An Overview of the Different Types of Environmental Hazards

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Environmental hazards are a growing concern nowadays. News from around the world in the past few years contain different accounts of several environmental concerns.

The wildfires of the Amazon forest. Erupting volcanoes. The Global Climate Strike. Greta Thunberg. And very recently, Australia’s bushfires.

The world is at a constant threat from environmental hazards and if we don’t do something about it, we won’t have much of a world to live in. Let’s take a closer look at some of the greater environmental threats to understand them better so we know what to do about them.

The 4 Types of Environmental Hazards

1. Physical Hazards

This type of environmental hazard occurs naturally and is mostly geological and geographical. Tornadoes, hurricanes, earthquakes, volcanic eruptions, droughts, and landslides all fall under this category.

One more type of physical hazard is the unseen hazard. Ultraviolet rays and radiation are some of the unseen physical hazards that are dangerous especially for those who are constantly exposed to them.

2. Chemical Hazards

Chemical hazards can either be man-made or natural. Man-made chemicals such as synthetic chemicals we produce include plastics, disinfectants, and pesticides. Natural chemical hazards like lead and mercury that have high toxicity are dangerous to both the environment and humans.

More than just the proper observation of waste management and following protocols, education about the right usage of such harmful chemicals can help reduce the risk of such hazards. Even if you properly transport chemicals or use oil pumps for waste oil, without best practices, the dangers posed by chemical hazards are likely to happen. Find more information here about oil pumps.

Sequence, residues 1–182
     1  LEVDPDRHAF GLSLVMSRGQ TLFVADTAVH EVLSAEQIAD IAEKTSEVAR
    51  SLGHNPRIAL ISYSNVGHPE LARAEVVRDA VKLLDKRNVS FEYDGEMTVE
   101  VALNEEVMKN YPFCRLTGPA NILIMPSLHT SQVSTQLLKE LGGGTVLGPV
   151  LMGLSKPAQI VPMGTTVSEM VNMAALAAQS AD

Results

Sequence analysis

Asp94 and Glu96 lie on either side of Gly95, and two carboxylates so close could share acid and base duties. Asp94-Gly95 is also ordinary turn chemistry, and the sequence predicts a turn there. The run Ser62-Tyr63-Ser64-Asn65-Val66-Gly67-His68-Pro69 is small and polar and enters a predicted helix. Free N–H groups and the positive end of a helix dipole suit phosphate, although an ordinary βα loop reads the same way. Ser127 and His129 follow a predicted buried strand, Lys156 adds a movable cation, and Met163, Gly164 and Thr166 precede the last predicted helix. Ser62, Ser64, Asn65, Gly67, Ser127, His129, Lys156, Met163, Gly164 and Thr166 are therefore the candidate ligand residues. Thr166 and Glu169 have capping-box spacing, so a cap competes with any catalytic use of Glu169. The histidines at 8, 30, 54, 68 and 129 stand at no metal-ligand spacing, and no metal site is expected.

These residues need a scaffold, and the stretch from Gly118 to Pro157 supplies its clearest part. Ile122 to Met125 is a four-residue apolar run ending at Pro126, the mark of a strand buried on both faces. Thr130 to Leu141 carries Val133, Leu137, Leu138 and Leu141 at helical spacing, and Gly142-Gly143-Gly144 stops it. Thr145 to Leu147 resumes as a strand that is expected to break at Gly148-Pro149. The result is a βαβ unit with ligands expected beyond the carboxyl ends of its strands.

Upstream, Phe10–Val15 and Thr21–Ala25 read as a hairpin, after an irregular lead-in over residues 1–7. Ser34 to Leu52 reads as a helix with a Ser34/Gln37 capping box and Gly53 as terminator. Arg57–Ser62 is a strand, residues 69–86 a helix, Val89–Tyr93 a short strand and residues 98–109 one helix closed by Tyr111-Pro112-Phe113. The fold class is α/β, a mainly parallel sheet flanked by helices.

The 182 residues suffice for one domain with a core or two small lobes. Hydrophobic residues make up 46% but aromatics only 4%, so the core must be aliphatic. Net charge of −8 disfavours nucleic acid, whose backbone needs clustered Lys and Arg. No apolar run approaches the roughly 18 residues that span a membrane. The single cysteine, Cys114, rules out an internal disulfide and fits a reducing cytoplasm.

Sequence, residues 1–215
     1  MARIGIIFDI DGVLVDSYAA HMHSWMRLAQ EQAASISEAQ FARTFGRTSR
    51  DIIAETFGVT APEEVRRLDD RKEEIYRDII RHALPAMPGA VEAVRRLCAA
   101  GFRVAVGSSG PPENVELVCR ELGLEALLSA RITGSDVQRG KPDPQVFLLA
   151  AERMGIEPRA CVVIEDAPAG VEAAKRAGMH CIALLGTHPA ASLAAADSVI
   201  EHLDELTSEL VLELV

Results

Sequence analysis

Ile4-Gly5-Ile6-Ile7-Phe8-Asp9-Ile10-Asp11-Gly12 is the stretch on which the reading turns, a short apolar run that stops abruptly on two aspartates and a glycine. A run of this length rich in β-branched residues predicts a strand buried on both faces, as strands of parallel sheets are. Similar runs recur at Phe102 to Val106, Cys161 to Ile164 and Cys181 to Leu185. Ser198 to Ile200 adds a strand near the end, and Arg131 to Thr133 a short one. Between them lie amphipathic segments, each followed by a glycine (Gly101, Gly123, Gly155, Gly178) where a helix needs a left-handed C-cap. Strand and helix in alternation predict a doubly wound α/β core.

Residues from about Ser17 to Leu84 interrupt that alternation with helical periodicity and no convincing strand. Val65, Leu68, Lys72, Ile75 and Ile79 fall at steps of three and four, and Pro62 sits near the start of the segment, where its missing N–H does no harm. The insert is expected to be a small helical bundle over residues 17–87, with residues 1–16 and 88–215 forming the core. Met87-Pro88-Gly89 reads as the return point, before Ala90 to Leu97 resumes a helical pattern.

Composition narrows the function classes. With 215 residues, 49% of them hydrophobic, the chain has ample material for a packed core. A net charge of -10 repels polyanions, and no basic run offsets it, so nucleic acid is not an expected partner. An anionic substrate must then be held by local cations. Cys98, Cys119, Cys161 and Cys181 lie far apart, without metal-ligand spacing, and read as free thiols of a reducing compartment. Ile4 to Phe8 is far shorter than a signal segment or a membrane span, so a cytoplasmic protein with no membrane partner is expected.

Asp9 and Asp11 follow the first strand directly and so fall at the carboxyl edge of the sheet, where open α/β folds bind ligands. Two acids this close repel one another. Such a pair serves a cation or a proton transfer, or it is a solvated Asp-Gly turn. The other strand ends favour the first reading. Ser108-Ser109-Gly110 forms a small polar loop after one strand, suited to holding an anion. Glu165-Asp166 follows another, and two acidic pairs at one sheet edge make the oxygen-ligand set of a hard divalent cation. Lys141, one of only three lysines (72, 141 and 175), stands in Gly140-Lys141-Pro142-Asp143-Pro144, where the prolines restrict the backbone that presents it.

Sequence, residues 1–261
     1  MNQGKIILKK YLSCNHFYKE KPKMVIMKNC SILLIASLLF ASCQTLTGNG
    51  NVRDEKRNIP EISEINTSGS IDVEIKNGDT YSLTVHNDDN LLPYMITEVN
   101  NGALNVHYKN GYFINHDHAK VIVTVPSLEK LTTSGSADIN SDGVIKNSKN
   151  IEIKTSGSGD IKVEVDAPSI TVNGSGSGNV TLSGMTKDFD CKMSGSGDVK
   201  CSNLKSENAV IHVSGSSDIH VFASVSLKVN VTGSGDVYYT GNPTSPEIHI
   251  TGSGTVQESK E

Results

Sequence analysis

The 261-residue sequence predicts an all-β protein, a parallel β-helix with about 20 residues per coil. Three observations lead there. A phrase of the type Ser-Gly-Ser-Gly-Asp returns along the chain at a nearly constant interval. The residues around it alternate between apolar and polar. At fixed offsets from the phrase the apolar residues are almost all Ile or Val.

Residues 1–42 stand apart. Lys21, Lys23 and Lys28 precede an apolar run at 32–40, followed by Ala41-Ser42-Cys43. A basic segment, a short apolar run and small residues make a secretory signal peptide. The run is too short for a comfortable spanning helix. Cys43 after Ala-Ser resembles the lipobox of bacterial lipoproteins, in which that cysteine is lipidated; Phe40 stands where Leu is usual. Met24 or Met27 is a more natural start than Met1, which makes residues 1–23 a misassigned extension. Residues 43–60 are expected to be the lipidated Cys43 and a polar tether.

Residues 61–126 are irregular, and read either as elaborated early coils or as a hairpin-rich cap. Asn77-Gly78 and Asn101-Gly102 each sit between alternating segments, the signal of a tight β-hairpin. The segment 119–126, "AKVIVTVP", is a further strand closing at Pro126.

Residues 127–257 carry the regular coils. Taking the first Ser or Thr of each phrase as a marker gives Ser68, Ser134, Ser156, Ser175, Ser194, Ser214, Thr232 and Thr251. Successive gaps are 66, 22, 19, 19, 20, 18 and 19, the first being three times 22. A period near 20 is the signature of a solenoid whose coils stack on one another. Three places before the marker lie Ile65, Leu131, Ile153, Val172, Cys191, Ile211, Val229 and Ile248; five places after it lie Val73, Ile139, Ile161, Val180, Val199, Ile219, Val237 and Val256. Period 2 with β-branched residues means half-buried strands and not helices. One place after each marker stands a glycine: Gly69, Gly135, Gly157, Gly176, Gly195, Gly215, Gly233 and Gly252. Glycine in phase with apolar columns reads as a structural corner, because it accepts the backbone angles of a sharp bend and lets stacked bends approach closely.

3. Biological Hazards

Pay attention to the global news today and chances are you will encounter the news about this new strain of coronavirus coming from Wuhan, China. The virus has now affected several Southeast Asian countries with over a thousand confirmed cases, with several deaths in just a matter of days.

This and other types of viruses, bacteria, and other highly-contagious airborne or waterborne diseases fall under this category.

4. Cultural Hazards


Also known as social hazards, these types of hazards are mostly brought about by human choices. Location, occupation, socioeconomic status, and behavior all contribute to this hazard.

For instance, if you live in a neighborhood with a high crime rate, it is a hazard-based on your location. If you are a chain smoker, you put the people around you at risk of second-hand smoke which is a lot more dangerous. This is an environmental hazard based on your choice and behavior.

Knowing the different types of hazards creates awareness and gives us a greater sense of urgency to be more responsible with our surroundings and our actions.

It is important that we understand how things work so we know how to deal with things better if we are put in a potentially hazardous situation.

Understanding environmental health and hazards entail a greater understanding of the impacts they have not just on the economy but generationally, too.

Somebody once said that our children do not inherit the Earth from us; we are merely borrowing it from them. We owe it to the next generation — our children — to hand over to them the world that is a lot better than the one we have now.

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